Here’s some interesting information on ghosting. It’s defined and described as such:
Ghosting may be especially hurtful for those on the receiving end, causing feelings of ostracism and rejection. Some mental health professionals consider ghosting to be a passive-aggressive form of emotional abuse, a type of silent treatment or stonewalling behaviour, and emotional cruelty. At the heart of it, ghosting is as clear as any other form of rejection. There is an inherent ambiguity in ghosting – the person being ghosted does not know whether they’re being rejected, or whether the person is just extremely busy. Others have suggested that it is due to the decline of empathy in society, along with the promotion of a more selfish, narcissistic culture. One possible response to ghosting is “ghostbusting”: forcing the “ghoster” to reply.
While “ghosting” refers to “disappearing from a special someone’s life mysteriously and without explanation”, numerous similar behaviors have been identified, that include various degrees of continued connection with a target. For example, Marleying is “when someone gets in touch with you at out of nowhere”; and “Caspering” is a “friendly alternative to ghosting. Instead of ignoring someone, you’re honest about how you feel, and let them down gently before disappearing from their lives.”
“Cloaking” is another related behaviour that occurs when an online match blocks you on all apps while standing you up for a date.
The opposite of love isn’t hate, it’s indifference. Ghosting, for those of you who haven’t yet experienced it, is having someone that you believe cares about you, whether it be a friend or someone you are dating, disappear from contact without any explanation at all. No phone call or email, not even a text.
Despite how common ghosting is, the emotional effects can be devastating.
People who ghost are primarily focused on avoiding their own emotional discomfort and they aren’t thinking about how it makes the other person feel. The lack of mutual social connections for people who met online also means there are fewer social consequences of dropping out of another’s life. The more it happens, either to themselves or their friends, the more people become desensitized to it, and the more likely they are to do it to someone else.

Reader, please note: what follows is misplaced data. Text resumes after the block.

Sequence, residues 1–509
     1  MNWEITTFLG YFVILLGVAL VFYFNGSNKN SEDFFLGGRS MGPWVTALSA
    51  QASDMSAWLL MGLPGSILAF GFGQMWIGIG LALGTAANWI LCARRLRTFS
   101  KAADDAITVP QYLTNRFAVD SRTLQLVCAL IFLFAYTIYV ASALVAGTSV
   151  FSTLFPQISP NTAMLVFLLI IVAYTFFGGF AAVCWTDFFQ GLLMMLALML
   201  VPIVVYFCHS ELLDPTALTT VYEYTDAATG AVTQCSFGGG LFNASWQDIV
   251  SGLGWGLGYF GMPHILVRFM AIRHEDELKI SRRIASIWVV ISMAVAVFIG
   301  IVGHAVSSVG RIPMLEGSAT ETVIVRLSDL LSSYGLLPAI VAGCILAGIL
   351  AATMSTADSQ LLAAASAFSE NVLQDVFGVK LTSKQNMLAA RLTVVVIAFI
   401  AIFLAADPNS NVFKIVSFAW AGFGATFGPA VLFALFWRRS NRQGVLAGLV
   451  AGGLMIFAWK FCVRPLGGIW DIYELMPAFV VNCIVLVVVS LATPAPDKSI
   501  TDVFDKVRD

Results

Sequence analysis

For many people, ghosting can result in feelings of being disrespected, used and disposable. When someone we love and trust disengages from us it feels like a very deep betrayal.
“Ghosting is one of the cruelest forms of torture dating can serve up.”
Social rejection activates the same pain pathways in the brain as physical pain. In fact, you can reduce the emotional pain of rejection with a pain medication like Tylenol. But in addition to this biological link between rejection and pain, there are some specific factors about ghosting that contribute to the psychological distress.
Ghosting gives you no cue for how to react. It creates the ultimate scenario of ambiguity. Should you be worried? What if they are hurt and lying in a hospital bed somewhere? Should you be upset? Maybe they are just a little busy and will be calling you at any moment. You don’t know how to react because you don’t really know what has happened. Staying connected to others is so important to our survival that our brain has evolved to have a social monitoring system that scans the environment for cues so that we know how to respond in social situations. Social cues allow us to regulate our own behavior accordingly, but ghosting deprives you of these usual cues and can create a sense of emotional dysregulation where you feel out of control.
Ghosting is the ultimate use of the silent treatment, a tactic that has often been viewed by mental health professionals as a form of emotional cruelty. It essentially renders you powerless and leaves you with no opportunity to ask questions or be provided with information that would help you emotionally process the experience. It silences you and prevents you from expressing your emotions and being heard, which is important for maintaining your self-esteem.
The important thing to remember is that when someone ghosts you, it says nothing about you or your worthiness for love and everything about the person doing the ghosting. It shows he or she doesn’t have the courage to deal with the discomfort of their emotions or yours, and they either don’t understand the impact of their behavior or worse don’t care. In any case, they have sent you an extremely loud message that says: I don’t have what it takes to have a mature healthy relationship with you. Be the better person, retain your dignity, and let him or her go peacefully.
Don’t allow someone else’s bad behavior to rob you of a better future by losing your vulnerability and shutting yourself off from another relationship. Keep your energy focused on doing what makes you happy. Know that if you are someone who treats people with respect and integrity then the ghoster simply wasn’t on your wavelength and someone better is coming your way, as long as you keep your heart open and your focus forward.